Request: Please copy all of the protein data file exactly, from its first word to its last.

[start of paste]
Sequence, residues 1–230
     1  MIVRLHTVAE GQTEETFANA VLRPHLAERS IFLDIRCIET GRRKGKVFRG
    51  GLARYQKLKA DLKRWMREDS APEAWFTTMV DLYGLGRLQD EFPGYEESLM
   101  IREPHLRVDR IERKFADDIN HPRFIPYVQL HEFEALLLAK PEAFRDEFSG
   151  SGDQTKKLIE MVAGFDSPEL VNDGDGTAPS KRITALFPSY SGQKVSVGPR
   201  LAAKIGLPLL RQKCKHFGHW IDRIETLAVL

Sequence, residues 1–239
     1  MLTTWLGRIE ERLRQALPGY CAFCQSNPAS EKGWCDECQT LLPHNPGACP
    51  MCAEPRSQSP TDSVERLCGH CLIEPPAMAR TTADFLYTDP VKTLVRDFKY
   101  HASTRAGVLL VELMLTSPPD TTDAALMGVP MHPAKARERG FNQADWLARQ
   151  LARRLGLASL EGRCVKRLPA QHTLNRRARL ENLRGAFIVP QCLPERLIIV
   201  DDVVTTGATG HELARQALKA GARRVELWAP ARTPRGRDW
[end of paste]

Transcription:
Sequence, residues 1–230
     1  MIVRLHTVAE GQTEETFANA VLRPHLAERS IFLDIRCIET GRRKGKVFRG
    51  GLARYQKLKA DLKRWMREDS APEAWFTTMV DLYGLGRLQD EFPGYEESLM
   101  IREPHLRVDR IERKFADDIN HPRFIPYVQL HEFEALLLAK PEAFRDEFSG
   151  SGDQTKKLIE MVAGFDSPEL VNDGDGTAPS KRITALFPSY SGQKVSVGPR
   201  LAAKIGLPLL RQKCKHFGHW IDRIETLAVL

Sequence, residues 1–239
     1  MLTTWLGRIE ERLRQALPGY CAFCQSNPAS EKGWCDECQT LLPHNPGACP
    51  MCAEPRSQSP TDSVERLCGH CLIEPPAMAR TTADFLYTDP VKTLVRDFKY
   101  HASTRAGVLL VELMLTSPPD TTDAALMGVP MHPAKARERG FNQADWLARQ
   151  LARRLGLASL EGRCVKRLPA QHTLNRRARL ENLRGAFIVP QCLPERLIIV
   201  DDVVTTGATG HELARQALKA GARRVELWAP ARTPRGRDW